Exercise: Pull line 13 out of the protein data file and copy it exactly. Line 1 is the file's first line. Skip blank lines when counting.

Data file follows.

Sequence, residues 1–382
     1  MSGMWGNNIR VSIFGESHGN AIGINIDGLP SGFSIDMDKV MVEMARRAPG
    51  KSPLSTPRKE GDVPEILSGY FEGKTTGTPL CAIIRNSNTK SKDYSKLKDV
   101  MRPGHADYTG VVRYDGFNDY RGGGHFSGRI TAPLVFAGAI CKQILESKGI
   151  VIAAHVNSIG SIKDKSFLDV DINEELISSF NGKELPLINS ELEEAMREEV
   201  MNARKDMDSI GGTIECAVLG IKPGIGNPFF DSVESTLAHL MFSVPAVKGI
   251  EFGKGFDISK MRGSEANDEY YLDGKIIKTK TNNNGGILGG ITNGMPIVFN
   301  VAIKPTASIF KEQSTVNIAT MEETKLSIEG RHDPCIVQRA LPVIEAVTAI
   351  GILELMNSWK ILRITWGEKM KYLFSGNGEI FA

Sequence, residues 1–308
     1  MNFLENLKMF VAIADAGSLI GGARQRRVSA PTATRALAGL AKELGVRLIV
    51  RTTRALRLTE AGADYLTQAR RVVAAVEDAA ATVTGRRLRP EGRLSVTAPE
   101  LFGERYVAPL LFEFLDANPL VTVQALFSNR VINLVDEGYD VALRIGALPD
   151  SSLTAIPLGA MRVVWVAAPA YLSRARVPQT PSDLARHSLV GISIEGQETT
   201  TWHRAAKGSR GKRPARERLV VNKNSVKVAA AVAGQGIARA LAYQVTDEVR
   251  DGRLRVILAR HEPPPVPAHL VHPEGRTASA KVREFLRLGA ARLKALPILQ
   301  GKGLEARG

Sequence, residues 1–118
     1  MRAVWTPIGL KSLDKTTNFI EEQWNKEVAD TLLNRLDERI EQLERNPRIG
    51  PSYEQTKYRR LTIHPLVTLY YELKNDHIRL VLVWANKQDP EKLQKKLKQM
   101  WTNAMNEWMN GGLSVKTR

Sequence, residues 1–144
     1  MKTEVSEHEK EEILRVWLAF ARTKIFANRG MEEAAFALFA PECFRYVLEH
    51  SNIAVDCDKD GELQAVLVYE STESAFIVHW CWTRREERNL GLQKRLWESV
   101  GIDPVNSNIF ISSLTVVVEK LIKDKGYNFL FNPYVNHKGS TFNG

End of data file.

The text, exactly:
   101  LFGERYVAPL LFEFLDANPL VTVQALFSNR VINLVDEGYD VALRIGALPD